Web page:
I recommend you walk away and do not look back. It is tempting to look back – to see if they are hurting as much as you are. That’s a torture you should never inflict upon yourself. It will spark outrage, more pain and hurt, immense sadness for your own situation and incite an obsession over them and why they are faring well and you are not.

No matter how they play it, if they reach out you do not respond. If you open a door a crack they’re going to push on through to deliver more of a hurt than before. They may have others reach out to you to taunt and bait you – picking at an open wound that is not theirs to pick. Seriously there are some sick people out there.

Sadists.

If you show weakness or sadness and it gets back to them, they use it. You keep your healing private. I know you’re not a social media user but you may have mutual friends and it will matter with whom you confide. Yes, confide in close friends of your feelings but only the ones you truly trust and will not allow your status to get back to your ex.

Some things I need you to do on a breakup, which helps the healing process:

  1. Block them from contacting you – block their number, their ability to email you.
  2. Remove all reminders of them (pictures, notes, gifts) for the time being. This may mean a donation to a charity shop or just putting things in storage but get it out and away from reminding you.
  3. Do not listen to the music that reminds you of a moment with them (either positive or negative)
  4. Do not watch programmes or films which may immediately remind you of moments with them. (this is not forever, just until the association is distant enough)
  5. If there are still belongings of theirs in your possession place them in a box and drop it with a mutual friend or if the break is exceptionally bad, leave it out on the street and tell the mutual friend to inform the ex to get it before others do.
  6. Do not – I repeat – Do Not ever expect closure. Do not try to maneuver for an apology. Just be okay with never getting closure or an acknowledgement of their transgression and any sort of remorse on their part. It will not happen.
  7. Get involved in new activities & change your routines to get you away from common haunts which could allow you to run into them.
  8. Find ways toward understanding what you need and what makes you happy. Invest in yourself. Go on a trip, take a class to learn a new skill, pamper yourself. Be with supportive and loving people.
  9. Give your time to a charitable cause to make life better for others. See my prior post to you on healing your heart.

And lastly, build your confidence up to find your inner peace before embarking on a new relationship. Rebound relationships do not really help. Give yourself at least a year to really recover from a bad break before getting back out there.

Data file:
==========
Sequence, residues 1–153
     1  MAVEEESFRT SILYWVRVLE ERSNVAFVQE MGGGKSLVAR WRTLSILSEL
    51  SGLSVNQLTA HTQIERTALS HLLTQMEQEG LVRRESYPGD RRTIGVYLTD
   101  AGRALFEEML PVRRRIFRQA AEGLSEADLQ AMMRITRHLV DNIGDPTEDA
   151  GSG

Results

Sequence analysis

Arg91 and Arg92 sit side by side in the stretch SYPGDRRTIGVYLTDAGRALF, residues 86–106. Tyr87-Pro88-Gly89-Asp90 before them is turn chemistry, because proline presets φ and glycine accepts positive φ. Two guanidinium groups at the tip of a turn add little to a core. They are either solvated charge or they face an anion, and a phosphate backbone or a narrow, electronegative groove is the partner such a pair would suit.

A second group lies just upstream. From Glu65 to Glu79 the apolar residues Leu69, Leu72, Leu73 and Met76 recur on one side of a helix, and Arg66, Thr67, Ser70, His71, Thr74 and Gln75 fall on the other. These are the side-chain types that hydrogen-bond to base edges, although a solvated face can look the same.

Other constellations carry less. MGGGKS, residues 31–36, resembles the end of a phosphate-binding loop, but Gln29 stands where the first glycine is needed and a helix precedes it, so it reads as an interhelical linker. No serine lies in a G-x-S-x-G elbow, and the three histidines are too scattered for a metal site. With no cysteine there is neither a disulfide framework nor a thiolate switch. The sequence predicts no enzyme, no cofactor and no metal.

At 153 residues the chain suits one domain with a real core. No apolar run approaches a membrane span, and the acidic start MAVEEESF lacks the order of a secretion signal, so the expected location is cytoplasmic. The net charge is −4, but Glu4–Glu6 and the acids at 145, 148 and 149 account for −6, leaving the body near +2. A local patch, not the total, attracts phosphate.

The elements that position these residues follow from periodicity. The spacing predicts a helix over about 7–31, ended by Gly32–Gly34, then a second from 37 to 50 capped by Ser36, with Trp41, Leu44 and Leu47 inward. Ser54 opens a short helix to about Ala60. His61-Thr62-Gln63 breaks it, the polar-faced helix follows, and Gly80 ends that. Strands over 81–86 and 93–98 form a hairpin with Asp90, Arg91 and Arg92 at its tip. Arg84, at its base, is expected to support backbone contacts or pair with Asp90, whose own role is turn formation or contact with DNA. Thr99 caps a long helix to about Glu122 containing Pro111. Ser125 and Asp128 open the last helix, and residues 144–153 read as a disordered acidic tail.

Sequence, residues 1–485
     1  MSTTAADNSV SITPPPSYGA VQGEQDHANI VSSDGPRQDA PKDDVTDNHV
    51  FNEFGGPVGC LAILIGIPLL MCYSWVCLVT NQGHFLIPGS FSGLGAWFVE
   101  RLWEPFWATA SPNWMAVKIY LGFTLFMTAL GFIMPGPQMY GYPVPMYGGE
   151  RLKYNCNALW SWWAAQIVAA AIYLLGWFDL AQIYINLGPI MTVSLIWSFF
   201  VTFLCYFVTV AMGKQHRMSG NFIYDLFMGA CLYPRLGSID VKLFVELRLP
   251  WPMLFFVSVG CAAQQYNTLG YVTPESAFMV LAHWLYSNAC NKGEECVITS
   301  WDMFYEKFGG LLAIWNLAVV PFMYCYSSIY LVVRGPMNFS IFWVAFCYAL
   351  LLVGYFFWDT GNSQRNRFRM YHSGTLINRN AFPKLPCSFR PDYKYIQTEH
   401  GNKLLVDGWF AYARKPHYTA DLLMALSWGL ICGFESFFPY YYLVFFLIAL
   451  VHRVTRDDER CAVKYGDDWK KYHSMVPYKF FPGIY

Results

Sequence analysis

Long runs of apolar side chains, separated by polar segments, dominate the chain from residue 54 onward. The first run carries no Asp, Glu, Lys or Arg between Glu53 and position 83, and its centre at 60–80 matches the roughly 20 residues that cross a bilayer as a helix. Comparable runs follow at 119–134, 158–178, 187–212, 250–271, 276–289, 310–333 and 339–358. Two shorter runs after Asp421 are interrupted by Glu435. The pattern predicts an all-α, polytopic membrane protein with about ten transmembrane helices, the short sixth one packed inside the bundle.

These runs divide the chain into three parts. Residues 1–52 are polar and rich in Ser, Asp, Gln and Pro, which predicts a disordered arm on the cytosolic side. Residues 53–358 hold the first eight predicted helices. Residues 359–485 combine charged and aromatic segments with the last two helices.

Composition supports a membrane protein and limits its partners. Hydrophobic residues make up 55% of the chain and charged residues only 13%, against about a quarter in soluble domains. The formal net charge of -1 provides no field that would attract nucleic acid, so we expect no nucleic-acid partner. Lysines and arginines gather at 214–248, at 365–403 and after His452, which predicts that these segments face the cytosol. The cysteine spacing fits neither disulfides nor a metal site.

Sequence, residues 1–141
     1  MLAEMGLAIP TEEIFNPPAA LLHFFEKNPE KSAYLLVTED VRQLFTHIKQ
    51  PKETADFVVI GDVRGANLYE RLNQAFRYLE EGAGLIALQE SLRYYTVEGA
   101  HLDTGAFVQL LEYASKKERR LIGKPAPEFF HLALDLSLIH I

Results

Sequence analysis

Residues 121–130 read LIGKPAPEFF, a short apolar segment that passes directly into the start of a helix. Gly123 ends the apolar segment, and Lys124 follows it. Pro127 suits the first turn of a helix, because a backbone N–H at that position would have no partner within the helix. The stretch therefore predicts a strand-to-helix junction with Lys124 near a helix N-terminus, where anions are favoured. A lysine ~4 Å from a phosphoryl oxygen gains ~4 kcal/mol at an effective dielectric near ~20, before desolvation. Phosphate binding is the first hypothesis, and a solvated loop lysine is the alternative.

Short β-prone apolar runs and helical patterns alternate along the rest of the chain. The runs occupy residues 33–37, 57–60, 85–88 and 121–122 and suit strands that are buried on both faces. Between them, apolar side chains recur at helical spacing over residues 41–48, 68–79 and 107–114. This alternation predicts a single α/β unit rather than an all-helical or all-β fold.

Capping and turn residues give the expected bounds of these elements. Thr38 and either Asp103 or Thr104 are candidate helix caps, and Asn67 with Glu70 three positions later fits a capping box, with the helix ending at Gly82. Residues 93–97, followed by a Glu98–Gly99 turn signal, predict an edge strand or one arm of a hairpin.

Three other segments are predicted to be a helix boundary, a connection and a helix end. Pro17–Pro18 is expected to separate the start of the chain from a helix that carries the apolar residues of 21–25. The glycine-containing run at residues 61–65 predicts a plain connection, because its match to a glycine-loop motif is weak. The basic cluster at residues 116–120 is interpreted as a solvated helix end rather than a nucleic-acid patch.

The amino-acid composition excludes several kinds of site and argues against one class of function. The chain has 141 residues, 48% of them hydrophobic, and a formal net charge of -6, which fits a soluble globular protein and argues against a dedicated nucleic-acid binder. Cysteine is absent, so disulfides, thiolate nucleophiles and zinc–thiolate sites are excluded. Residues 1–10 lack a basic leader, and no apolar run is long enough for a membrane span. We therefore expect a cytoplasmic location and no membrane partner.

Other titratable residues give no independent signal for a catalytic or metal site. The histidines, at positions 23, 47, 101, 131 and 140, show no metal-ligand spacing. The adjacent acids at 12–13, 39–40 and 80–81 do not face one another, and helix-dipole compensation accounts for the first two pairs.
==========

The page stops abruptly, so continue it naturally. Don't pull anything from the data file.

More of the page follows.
Rehab Time Rebuttal

Trent Shelton is promoting a video where the tag line is “It’s rehab time!” Much of the message is quite true – it seems to miss the mark by a margin. I will leave the link here for you to view:

I understand what he’s trying to convey. However, he still leads the viewer down the path of expectation in which others are there to support you throughout your life and if they are not they should be cut from your life. This is categorically not a realistic expectation.

It would be lovely to think that everyone was here to help you achieve or self actualize, but to tell you the hard truth. It is all on you to get there. People cheering, assisting or promoting you along the way is just extra.

My grandmother told me from early on, “There is no one truly looking out for you but you. Never forget that. Not your siblings, your teachers, your doctors, your government, your parents, your partner or your friends. Only you.”

I realized once I accepted that level of expectation – that I am the captain of my own ship, I guide the sails, I maintain it, I decide the course I am on and when to correct it; no perceived let down from others mattered.

If you go into life knowing that everyone is ultimately out for themselves and you are not their primary concern, then you can not be phased should they turn away or leave your life.

Read “The Giving Tree” again. It is an important message. You give but you do not expect a return. This is parenting. However, eventually, I will let you down – when I die. I cannot be there to give until you die. That’s just not how life works. Does it mean you should cut me out of your life? No.

You shouldn’t cut anyone out of your life just for not “serving you”. That’s a horribly self-centered point of view. I have a ton of friends I enjoy in my life but I would never expect them to constantly lift me up in times of crisis or need. That is on me – not them. They have priorities outside mine. I need to respect that. There could be things going on in their lives which need their full attention and I am not a part of that.